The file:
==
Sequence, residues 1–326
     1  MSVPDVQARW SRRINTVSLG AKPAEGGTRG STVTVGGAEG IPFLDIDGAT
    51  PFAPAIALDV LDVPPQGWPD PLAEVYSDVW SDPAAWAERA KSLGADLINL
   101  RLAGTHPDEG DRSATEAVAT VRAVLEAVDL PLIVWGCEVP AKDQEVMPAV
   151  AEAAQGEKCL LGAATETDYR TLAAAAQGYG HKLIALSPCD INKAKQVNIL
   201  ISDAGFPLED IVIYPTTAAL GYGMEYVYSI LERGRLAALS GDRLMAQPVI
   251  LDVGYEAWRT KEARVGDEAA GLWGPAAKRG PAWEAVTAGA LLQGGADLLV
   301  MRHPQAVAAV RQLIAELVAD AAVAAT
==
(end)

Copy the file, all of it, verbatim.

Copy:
Sequence, residues 1–326
     1  MSVPDVQARW SRRINTVSLG AKPAEGGTRG STVTVGGAEG IPFLDIDGAT
    51  PFAPAIALDV LDVPPQGWPD PLAEVYSDVW SDPAAWAERA KSLGADLINL
   101  RLAGTHPDEG DRSATEAVAT VRAVLEAVDL PLIVWGCEVP AKDQEVMPAV
   151  AEAAQGEKCL LGAATETDYR TLAAAAQGYG HKLIALSPCD INKAKQVNIL
   201  ISDAGFPLED IVIYPTTAAL GYGMEYVYSI LERGRLAALS GDRLMAQPVI
   251  LDVGYEAWRT KEARVGDEAA GLWGPAAKRG PAWEAVTAGA LLQGGADLLV
   301  MRHPQAVAAV RQLIAELVAD AAVAAT